There is so much free or inexpensive short fiction available on the internet these days. Here are a few of the stories we read this week.
In this lush story, Lemberg shows us a long-distance romance developing between two makers-of-things. Maru lives in the desert and sings sand into glass; Vadrai lives in the Northern woods and uses deepnames to inscribe images into jewels. Each is enchanted with the work of the other, and through letters — over a four-year span, because letters must travel with merchant caravans — they fall in love.
What I absolutely loved about this story was how rooted in natural landscapes it was. Maru tells Vadrai about the desert, full of wind and the “striated bones of forgotten beasts.” Vadrai in turn shares images of their home in the Northern forest, “the small, snow–hopping birds and the children running outside, running even though clothed in such enormous garments” and a wonder which Maru has never witnessed: trees.
I also loved the idea that two creativities, even of different natures, enhance each other. Once together, Maru and Vidrai create marvelous things, and each knows “at once the sweep of glass wings and the fire that births it, and the small and scrupulous jeweler’s craft that imbues the glass with shapes both intricate and golden.” Reading about this aspect of creation and romance was utterly charming. ~Kate Lechler
This very short story (about 20 minutes for the audio version) tells of a time when all human consciousness was connected so that everyone knew what everyone else in the world was doing and thinking. Since this was the normal way of things, nobody questioned it, except for one man who wondered what it would be like if people could be separate from each other. He thinks the world would seem bigger and be more mysterious. One day he is thinking about a woman on the other side of the world when he has a minor accident and she momentarily leaves his mind. He is fascinated by this loss and tries to figure out why it happened.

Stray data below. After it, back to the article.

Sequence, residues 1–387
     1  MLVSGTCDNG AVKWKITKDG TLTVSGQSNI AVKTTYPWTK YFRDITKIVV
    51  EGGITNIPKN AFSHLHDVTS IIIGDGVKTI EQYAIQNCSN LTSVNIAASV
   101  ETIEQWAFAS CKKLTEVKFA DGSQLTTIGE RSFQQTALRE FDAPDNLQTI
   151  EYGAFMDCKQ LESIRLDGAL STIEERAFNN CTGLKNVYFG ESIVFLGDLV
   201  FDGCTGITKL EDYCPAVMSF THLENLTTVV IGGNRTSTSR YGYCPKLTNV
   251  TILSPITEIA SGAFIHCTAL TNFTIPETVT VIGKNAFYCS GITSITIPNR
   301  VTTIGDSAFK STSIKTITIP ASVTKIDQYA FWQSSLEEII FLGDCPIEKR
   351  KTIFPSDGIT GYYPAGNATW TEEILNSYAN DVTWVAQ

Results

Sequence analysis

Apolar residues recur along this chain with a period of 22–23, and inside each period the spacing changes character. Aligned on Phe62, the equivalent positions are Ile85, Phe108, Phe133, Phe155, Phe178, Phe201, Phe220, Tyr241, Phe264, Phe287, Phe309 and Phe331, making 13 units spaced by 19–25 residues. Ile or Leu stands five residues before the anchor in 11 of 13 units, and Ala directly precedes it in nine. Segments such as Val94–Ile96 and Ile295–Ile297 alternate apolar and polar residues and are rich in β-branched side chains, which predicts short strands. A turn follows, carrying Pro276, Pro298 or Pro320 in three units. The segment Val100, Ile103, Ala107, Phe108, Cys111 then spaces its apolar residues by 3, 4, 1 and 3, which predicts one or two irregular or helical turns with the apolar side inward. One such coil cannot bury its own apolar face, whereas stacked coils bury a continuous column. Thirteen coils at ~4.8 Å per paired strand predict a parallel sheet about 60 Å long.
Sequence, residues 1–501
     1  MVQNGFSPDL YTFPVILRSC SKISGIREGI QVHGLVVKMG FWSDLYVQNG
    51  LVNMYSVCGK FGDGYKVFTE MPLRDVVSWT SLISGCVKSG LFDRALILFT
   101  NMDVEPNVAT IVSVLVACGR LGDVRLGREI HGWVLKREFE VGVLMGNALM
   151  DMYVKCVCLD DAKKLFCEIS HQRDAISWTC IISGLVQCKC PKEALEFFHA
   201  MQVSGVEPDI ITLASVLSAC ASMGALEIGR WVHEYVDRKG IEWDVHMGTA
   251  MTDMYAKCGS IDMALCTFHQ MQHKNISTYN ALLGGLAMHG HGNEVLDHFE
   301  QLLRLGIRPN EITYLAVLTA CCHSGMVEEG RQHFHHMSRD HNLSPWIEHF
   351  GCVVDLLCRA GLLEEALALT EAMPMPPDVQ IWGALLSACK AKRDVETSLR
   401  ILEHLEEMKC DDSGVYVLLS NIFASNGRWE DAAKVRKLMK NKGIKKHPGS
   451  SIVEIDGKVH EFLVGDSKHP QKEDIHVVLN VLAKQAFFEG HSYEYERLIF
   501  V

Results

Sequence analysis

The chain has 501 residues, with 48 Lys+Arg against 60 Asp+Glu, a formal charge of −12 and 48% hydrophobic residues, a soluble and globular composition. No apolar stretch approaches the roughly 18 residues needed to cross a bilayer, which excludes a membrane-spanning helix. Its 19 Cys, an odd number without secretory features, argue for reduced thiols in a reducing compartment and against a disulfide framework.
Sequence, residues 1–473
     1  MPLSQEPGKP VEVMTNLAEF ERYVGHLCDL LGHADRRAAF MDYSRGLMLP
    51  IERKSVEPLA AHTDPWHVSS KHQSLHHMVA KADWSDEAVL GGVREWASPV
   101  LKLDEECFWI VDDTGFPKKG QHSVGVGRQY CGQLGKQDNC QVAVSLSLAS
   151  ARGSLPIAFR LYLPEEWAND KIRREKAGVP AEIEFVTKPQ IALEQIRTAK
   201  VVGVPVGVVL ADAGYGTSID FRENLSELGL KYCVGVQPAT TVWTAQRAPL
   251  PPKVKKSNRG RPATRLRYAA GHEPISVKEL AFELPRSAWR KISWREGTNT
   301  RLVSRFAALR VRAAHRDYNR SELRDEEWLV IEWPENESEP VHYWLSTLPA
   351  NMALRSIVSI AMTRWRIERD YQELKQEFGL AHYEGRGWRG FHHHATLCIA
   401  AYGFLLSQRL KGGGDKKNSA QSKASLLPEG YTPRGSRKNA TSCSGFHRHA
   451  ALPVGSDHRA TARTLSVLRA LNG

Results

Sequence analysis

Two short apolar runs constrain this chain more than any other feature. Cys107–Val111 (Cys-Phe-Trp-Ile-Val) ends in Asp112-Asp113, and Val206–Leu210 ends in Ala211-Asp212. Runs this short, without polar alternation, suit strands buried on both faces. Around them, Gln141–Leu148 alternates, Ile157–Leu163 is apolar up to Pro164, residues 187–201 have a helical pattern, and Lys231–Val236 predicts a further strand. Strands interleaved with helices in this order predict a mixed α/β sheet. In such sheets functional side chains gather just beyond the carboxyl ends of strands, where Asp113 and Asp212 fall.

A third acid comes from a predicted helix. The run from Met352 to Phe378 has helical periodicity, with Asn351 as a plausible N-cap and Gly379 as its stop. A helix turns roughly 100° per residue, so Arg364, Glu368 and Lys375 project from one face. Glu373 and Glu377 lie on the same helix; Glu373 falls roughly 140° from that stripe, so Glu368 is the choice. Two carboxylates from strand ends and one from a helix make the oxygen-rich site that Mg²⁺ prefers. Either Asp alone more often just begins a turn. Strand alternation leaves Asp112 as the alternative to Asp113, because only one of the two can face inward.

This interesting and unusual story is about the risk and excitement of sharing our lives with other people. I enjoyed the Lightspeed podcast narrated by Stefan Rudnicki. ~Kat Hooper
Krishna, an Indian man, finds a woman’s corpse when he wades into the river for his morning bath. He pulls the naked body out of the river and leaves it on the shore, despite the pleas of a priest, who importunes him to dispose of the body properly. Later that day, however, the problem takes care of itself: the woman’s corpse reanimates and walks along the shore, pecked at by crows, the first sign of a worldwide zombie plague. All dead bodies who were not cremated are reanimating, trying to escape from their coffins, or staggering out of the river where their murdered bodies had been dumped:
Some were only days old, looking almost alive but for their slack faces like melting clay masks, their lethal wounds and bruises, their paled and discoloured skin, their jellied eyes and the sometimes lovely frills of clinging white crustaceans in their hair, the tiny flickers of fish leaping from their muddy mouths. Others were black and blue, bloated into terrifying caricatures of their living counterparts, who watched in droves from behind the lines of fearful policemen at the top of the ghat steps.
When Krishna hears that the dead are walking, he feels guilty about how he neglected the woman’s body and rushes off to find it, impelled to do what he can to help her and the other risen dead. He claims the undead woman as his wife, despite her decomposing state and the pressure from police to cremate her, and even allows her to bite him and infect him, staying alive through a constant antibiotic IV drip.
Krishna becomes a locally famous guru, and is later visited by an investigative journalist who is the voice of the rest of this story, as she and we attempt to understand why Krishna is acting as he does: is it selfishness, seeking fame and gifts, or altruism? How are we to treat our own dead family members … and how do we ourselves want to be treated when we die?